Linh Nguyen, a senior at Deering High School, is the First Place Grand Award winner in the 2021 Maine State Science Fair. Nguyen came out on top among the nearly 160 students competing for prestigious state titles and more than $1 million in scholarships and awards. She won for her research on how carbon nanotubes could be used as an inexpensive remover of arsenic in drinking water systems.
In other news, Nguyen also was named on April 8 as a Cooke College Scholar, one of just 61 students nationwide to receive that prestigious honor – and the only one from Maine. The Cooke College Scholars receive up to $40,000 annually for up to four years to attend the college or university of their choice, in addition to comprehensive advising and other program support.
Celebrating its 75th year, the Maine State Science Fair (MSSF) is organized by The Jackson Laboratory and Maine Mathematics and Science Alliance (MMSA). This year’s event took place virtually on April 3, and 157 students representing 23 Maine schools tuned in to present virtual research or engineering projects to a panel of judges and attend events.
Dr. Nirav Shah, director of the Maine Center for Disease Control, was the keynote speaker. Dr. Shah encouraged the students to communicate their science clearly to non-scientific audiences. “Just as important as learning the tools of science are learning the tools of science communication,” Shah said. “The principle that I always keep in my mind [when answering a scientific question] is you shouldn’t tell them how to build a clock, you should tell them what time it is, because that’s what they are really interested in.”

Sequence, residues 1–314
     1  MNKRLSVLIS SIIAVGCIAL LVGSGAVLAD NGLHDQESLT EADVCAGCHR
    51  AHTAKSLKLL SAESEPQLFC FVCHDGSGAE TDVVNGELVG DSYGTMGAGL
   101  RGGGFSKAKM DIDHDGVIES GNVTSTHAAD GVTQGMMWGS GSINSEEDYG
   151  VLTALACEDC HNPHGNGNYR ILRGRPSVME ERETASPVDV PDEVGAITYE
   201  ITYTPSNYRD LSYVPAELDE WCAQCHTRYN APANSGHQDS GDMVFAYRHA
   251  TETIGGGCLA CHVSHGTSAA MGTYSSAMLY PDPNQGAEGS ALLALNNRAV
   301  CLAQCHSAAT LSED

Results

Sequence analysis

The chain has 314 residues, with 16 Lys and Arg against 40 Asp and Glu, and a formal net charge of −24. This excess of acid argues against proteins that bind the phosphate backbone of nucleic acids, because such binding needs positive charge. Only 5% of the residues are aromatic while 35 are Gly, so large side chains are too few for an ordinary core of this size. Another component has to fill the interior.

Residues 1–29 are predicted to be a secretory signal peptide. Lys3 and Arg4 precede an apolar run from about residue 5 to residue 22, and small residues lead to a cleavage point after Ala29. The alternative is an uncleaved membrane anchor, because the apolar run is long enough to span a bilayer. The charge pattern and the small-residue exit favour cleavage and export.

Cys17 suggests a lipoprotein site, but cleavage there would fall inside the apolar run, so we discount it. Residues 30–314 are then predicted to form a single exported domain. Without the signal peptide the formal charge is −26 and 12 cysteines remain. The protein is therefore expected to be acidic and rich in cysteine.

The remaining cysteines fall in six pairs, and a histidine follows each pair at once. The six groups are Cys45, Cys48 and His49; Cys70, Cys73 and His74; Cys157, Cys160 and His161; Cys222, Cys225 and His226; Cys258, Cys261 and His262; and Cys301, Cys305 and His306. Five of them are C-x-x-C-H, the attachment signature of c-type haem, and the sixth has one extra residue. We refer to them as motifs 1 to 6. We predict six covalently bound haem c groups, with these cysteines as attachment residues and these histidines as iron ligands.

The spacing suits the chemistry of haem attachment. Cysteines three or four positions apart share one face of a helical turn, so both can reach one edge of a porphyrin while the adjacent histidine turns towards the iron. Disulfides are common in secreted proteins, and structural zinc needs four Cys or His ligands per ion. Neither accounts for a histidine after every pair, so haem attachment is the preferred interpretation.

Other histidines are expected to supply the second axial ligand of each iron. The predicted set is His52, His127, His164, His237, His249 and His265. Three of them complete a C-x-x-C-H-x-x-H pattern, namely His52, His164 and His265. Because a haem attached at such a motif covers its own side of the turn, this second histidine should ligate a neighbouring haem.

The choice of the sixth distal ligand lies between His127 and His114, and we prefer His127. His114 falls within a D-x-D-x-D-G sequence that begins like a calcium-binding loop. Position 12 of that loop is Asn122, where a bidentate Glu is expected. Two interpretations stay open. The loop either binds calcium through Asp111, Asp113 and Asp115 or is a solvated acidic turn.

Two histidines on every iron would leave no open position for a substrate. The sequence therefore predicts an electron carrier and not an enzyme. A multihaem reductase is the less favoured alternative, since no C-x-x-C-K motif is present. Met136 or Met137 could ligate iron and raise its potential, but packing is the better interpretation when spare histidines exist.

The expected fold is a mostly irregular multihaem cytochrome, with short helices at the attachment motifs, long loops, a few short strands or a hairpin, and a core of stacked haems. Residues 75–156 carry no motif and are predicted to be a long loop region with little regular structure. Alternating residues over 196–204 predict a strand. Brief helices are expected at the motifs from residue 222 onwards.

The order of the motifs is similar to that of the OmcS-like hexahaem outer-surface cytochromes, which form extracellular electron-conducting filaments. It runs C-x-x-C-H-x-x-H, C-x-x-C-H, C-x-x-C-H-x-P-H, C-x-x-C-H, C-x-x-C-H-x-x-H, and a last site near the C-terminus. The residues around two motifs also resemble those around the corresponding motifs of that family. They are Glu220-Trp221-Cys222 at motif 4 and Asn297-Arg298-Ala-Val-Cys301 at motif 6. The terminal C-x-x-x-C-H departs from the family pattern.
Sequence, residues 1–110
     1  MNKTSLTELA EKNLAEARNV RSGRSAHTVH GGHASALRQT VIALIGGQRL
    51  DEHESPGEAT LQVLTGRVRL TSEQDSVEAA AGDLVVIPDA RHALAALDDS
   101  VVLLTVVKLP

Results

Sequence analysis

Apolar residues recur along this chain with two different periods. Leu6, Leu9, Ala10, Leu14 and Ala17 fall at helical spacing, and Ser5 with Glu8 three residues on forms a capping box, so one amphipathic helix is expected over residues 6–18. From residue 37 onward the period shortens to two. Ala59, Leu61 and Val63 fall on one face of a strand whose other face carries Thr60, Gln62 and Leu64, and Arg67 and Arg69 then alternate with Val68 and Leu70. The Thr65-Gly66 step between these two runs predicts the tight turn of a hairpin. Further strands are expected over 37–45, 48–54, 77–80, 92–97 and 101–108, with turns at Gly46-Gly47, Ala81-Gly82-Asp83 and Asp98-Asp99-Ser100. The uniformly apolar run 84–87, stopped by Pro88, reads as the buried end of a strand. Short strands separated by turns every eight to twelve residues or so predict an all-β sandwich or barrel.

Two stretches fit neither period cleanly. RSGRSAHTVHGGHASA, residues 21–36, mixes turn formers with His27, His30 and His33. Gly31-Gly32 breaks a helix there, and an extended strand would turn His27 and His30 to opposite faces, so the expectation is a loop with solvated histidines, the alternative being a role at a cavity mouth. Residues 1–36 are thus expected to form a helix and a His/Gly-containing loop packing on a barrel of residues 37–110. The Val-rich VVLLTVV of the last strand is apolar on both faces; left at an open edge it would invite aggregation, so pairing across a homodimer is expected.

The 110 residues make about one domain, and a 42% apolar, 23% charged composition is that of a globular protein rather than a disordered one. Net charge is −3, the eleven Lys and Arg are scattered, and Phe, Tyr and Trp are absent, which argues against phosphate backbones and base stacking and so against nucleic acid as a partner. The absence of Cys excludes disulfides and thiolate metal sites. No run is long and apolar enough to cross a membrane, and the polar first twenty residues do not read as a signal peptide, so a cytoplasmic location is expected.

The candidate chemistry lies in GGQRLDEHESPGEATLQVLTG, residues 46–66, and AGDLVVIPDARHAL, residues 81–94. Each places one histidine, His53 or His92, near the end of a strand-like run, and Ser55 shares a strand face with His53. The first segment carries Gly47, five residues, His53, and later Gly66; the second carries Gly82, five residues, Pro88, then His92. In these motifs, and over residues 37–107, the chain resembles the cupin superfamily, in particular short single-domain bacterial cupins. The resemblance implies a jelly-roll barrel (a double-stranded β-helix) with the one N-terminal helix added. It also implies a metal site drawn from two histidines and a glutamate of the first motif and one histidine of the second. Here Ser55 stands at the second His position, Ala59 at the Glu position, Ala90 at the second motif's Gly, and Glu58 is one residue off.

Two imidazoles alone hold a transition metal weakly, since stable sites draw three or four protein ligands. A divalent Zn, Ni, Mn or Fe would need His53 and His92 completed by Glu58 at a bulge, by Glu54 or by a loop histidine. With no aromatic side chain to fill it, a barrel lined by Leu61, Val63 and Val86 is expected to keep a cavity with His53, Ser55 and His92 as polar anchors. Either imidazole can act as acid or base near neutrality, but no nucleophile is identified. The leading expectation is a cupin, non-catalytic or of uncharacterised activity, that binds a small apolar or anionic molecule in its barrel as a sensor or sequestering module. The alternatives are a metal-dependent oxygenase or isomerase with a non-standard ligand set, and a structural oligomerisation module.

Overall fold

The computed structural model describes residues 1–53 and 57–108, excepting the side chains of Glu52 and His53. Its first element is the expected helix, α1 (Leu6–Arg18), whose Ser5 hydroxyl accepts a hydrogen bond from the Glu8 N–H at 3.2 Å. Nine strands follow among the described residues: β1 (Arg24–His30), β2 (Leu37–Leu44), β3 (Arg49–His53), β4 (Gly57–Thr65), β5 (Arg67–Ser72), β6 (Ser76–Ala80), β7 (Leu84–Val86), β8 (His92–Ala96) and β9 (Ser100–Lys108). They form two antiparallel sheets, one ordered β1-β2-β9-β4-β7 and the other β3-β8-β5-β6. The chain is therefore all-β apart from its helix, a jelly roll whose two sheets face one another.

Nguyen’s research project has a very practical application. She won for her work titled “Applications of Carbon Nanotube Based Sorbents for Removal of Arsenic from Polluted Water.” She studied how carbon nanotubes could be used as an inexpensive remover of arsenic in drinking water systems, including private wells where arsenic contamination is prevalent. A nanotube is a microscopic tube whose diameter is measured in nanometers.
Nguyen was one of three Grand Award winners – students whose MSSF projects were judged to be at the top overall.
The Second Place Grand Award winner was Vetri Vel, a Bangor High School senior, who won for improving his fall-detection software that uses a thermal-imaging detector of his own creation. His system could help elderly people living alone detect falls and send a call for help. Mateus Nascimento, a junior at Brunswick High School, won the Third Place Grand Award for his project titled: “Animals Talk: Understanding Silk Moth Communication through Detection of Pheromones with an Electronic Nose.”
The three MSSF Grand Award winners are invited to form the Maine delegation to the Regeneron International Science and Engineering Fair. This is a significant honor and speaks to the quality and significance of the student’s research or engineering project. This year, the Regeneron ISEF is virtual and will be held in May. Regeneron ISEF is a competition with significant financial and scholarship awards.
In addition to winning the MSSF First Place Grand Award, Nguyen placed first in the Environmental Engineering category award. Nguyen also was the recipient of the first Cary James Water Ride Scholarship, a $5,000 scholarship that she can apply to the college of her choice.
Also, Nguyen was notified April 8 by the Jack Kent Cooke Foundation that she is one of their 2021 Cooke College Scholars. This year’s 61 recipients were chosen from a pool of more than 5,800 applicants nationwide. The Cooke College Scholarship Program seeks to close the gaps in higher education access for driven students with financial need. Along with financial support, Cooke College Scholars will receive ongoing educational advising and opportunities for internships, study abroad, and access to graduate school funding.